It is God’s will for every Christian to be not only part of the church as that word describes a unique relationship to God, but to be a part of a local congregation of people of like precious faith. We are not to “forsake the assembling of ourselves together”, said the apostle in Hebrews 10:25. Paul said in Ephesians 3:21 that we glorify God in and through the church which His Son established. Paul also told the elders of that same congregation in his final and tearful meeting with them at Miletus in Acts 20:28, “Therefore take heed to yourselves and to all the flock, among which the Holy Spirit has made you overseers, to shepherd the church of God (or the church of the Lord as one version renders it) which He purchased with His own blood.” Now, my friend, if Jesus Christ endured the agony of the cross and poured out His own life’s blood to purchase the church and if God even foreknew and predestined that to take place, you can know beyond the shadow of any doubt that Christ is not indifferent about the church! The church matters. Whether you are a faithful member of it matters. It makes a difference!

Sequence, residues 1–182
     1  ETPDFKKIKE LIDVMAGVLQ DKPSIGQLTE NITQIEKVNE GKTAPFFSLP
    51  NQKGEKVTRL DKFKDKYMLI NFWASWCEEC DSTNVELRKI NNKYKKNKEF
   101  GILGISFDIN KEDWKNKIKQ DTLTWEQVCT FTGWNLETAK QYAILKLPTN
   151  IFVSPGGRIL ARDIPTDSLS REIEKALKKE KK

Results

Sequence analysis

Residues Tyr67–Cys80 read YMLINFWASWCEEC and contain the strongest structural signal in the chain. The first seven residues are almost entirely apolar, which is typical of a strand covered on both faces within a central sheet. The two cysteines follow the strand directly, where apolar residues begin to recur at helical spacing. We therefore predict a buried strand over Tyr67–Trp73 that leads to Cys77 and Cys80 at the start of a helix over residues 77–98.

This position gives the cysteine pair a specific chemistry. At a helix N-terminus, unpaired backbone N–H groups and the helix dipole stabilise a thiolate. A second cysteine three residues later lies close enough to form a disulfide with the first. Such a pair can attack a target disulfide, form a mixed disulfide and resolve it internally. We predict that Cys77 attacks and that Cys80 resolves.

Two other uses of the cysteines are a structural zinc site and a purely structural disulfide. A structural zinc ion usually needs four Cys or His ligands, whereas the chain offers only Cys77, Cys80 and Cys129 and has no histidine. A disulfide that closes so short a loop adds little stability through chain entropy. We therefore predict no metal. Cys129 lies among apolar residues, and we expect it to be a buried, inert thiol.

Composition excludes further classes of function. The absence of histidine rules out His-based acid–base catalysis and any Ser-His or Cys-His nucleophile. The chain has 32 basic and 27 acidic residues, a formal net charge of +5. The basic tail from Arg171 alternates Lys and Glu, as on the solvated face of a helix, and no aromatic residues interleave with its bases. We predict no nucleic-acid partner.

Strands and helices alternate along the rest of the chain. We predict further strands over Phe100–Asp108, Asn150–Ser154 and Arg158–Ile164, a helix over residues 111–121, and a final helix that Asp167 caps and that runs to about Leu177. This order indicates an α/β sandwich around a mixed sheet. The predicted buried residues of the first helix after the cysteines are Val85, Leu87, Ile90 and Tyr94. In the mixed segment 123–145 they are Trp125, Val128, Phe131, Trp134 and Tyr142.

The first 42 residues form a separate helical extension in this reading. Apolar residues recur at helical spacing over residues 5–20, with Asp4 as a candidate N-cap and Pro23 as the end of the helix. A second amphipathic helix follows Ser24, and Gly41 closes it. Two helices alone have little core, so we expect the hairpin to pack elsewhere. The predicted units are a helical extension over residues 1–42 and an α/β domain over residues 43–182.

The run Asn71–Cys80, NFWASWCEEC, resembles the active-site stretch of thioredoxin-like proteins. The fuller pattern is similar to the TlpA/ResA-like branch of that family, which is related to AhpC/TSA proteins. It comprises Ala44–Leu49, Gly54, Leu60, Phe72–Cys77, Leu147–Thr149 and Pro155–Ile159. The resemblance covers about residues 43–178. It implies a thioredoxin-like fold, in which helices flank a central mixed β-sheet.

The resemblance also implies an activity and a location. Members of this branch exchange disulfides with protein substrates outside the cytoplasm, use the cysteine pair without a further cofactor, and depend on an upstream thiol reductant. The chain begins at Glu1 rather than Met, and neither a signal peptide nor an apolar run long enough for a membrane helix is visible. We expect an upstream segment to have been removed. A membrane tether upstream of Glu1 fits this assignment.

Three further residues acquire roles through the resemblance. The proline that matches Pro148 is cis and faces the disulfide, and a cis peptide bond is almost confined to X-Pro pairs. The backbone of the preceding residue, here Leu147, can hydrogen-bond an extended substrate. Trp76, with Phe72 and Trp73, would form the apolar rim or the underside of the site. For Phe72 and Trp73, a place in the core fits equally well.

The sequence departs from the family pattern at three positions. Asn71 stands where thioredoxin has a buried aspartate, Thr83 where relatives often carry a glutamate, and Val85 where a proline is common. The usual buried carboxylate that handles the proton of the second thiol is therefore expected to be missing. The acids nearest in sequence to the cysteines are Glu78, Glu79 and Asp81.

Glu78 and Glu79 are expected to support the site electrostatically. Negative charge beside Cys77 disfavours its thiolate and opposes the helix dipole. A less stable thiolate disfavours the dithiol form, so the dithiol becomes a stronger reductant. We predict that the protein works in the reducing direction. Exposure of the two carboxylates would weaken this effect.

But then we’re confronted with the disturbing reality of confusion and division among those who claim to be part of the church. One organization that compiles research about Christianity estimates that there are 33,000 denominations in the United States alone. Now, that number sounds rather high, and I don’t know how they are defining a denomination. Perhaps they are counting individual congregations that don’t have any visible association with any others. But regardless, we know that whatever the specific number, it is a disgrace and a disservice to the cause of Jesus Christ. Now I’m not so naïve as to think that we got here overnight and that with the snap of a finger such an awful condition will simply disappear. The present state is the result of centuries of division and human tradition. What I do know is that is not according to the will of God! How do I know that? For several reasons. Number one, because the bible plainly condemns such divisions. Paul said in 1 Corinthians 1:10, “Now I plead with you, brethren, by the name of our Lord Jesus Christ, that you all speak the same thing, and that there be no divisions among you, but that you be perfectly joined together in the same mind and in the same judgment.” That’s a lofty aim but a biblical one, nonetheless.